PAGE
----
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Life Arts

From the Middle Class to the Mutual Class

By   Follow Me on Twitter     Message Paul Glover       (Page 1 of 2 pages)     Permalink    (# of views)   9 comments

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Americans have the tools and money to create an America where all workers are employed, whose every square mile is beautiful; whose cities are safe playgrounds for children; whose food is fresh and affordable; whose waters are clean from sea to crystal sea. An America run by Americans for Americans is fully capable of rebuilding all homes so they're earthquake-proof, hurricane-proof, tornado-proof, flood-proof, drought-proof, fireproof, and bank-proof.

When Americans take control of money, we are wealthy enough to build an America where it's easy to stay healthy and to get healed; where costs of living get smaller and our lives get bigger.

What blocks these goals? Both Us and Them.

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On the one hand, all of America's institutions have become too big to change. Like sumo wrestlers in a basketball game, they move too slow. Big Government, Big Oil, Big Insurance, Big Finance, Big Agriculture, Big Highway, Big Education, Big Military, Big Prison, Big Police, Big Poverty-- these feed on disaster and control. They no longer exist primarily to fix problems, but to grow.

Then on the other hand, millions of us are employed by these institutions to enforce the past. Millions of us depend on their stocks. Many of us watch their commercials and obey their laws. Many prefer dull safety to risky action, even to save America. We drive straight, even when the road curves.

Therefore the American economy wallows like a car stuck in mud, shoved back and forth by elephants and donkeys, going nowhere but deeper.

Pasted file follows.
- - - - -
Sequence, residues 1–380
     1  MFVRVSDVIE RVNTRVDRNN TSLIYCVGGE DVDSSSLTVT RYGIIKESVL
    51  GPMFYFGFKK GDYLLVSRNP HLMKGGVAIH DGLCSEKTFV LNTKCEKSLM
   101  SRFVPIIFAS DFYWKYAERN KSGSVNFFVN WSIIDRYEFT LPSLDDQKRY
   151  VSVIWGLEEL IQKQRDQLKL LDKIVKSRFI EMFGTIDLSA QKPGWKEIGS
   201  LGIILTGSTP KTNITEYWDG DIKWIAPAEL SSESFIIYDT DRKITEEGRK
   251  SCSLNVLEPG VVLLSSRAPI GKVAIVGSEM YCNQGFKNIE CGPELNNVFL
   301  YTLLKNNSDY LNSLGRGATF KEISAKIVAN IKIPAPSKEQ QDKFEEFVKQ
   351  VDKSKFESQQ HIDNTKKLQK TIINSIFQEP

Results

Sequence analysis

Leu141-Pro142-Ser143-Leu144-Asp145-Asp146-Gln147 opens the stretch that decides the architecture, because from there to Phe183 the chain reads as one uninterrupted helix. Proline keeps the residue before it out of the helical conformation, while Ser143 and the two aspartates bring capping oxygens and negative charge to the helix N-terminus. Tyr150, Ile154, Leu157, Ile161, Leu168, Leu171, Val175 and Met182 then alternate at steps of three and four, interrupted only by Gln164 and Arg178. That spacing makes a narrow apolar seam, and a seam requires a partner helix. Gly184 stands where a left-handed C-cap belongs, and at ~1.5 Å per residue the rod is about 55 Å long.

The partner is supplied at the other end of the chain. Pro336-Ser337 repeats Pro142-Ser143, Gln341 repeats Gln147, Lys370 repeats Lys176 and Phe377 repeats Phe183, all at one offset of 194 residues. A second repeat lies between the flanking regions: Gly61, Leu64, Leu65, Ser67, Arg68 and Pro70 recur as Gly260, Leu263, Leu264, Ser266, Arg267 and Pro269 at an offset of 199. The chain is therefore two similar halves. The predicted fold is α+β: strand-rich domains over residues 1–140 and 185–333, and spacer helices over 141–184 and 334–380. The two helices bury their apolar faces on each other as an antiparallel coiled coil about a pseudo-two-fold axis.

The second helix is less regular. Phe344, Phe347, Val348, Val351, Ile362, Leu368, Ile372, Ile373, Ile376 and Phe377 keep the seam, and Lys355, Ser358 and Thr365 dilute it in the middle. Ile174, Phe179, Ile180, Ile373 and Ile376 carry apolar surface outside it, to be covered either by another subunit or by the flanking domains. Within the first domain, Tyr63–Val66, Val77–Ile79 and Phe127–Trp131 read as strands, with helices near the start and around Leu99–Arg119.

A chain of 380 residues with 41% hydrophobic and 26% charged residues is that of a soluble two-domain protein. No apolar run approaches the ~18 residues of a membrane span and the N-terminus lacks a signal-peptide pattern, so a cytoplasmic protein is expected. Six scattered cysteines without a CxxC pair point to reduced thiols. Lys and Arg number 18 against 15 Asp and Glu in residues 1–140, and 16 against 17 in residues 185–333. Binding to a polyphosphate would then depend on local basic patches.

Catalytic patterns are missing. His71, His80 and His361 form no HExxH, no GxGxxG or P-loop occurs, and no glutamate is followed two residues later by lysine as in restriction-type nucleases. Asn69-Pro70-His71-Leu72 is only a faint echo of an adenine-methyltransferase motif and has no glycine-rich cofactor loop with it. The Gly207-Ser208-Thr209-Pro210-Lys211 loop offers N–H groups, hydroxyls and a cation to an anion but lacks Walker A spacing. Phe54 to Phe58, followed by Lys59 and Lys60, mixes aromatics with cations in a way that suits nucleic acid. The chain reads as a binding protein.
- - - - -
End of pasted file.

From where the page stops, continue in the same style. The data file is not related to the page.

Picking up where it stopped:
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As a result, the Middle Class dream has become a burden sinking millions through mortgage, insurance, utilities, tuition, credit card fees, cars and fashion. Consumerism by liberals and conservatives alike has depleted America's essential resources and our national sovereignty.

May many of us boomers live long comfortable lives. Yet may our lifestyle expire with us. Put bluntly, the middle class was always a bad idea. It celebrates personal consumerism rather than creative solidarity. Its status depends on the presence of a large poor class. The middle class have become more concerned with their properties than their liberties. They do not make radical change. They make payments.

Today it's clear that the next American generations will never achieve middle class excess. That's good for the planet but challenging for them.

Fortunately, though, Millennials can become a prosperous Mutual Class by starting genuinely nonprofit mutual aid systems that enable them to live well by sharing resources. Such programs were widespread and successful one hundred years ago.

Through them we create millions of jobs that revive our neighborhoods. We give ourselves raises by lowering prices. And all our current skills are employed while we enjoy new talents.

Young and old, we will become the government as we create these regional food systems and regional stock exchanges, establish green co-housing programs and green labor administrations, reduce dependence on fossil fuels toward zero, replace automobile space with train and bike space, convert vacant urban land into greenhouses and orchards, develop co-operative health plans and clinics, issue our own education credentials and our own community money.

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Such local systems prepare us to take power by creating parallel authority. By taking power together we regain time for creative individuality. We move from dependence to ownership.

The Mutual Class will also pioneer Mutual Enterprise-- local businesses committed to community, ecology, and social justice.

Let's look at a sample Mutual Day. We start with sex and music, then breakfast. We walk or bike to work, four days per week. After three hours work, we return home for a long lunch and sex, or we eat with co-workers: we discuss work plans, utility and durability of product, marketing, sales, prices and wages. Then two more hours of work. We have time and energy for an afternoon stroll or game, then prepare dinner, make music, make love (Why so much sex? Because we're relaxed). We finish with an evening stroll in our beautiful neighborhood.

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Paul Glover teaches Metropolitan Ecology at Temple University. He is founder of Ithaca HOURS local currency, Philadelphia Orchard Project, Ithaca Health Alliance, Green Jobs Philly, Citizen Planners of Los Angeles, and many other groups. He is (more...)

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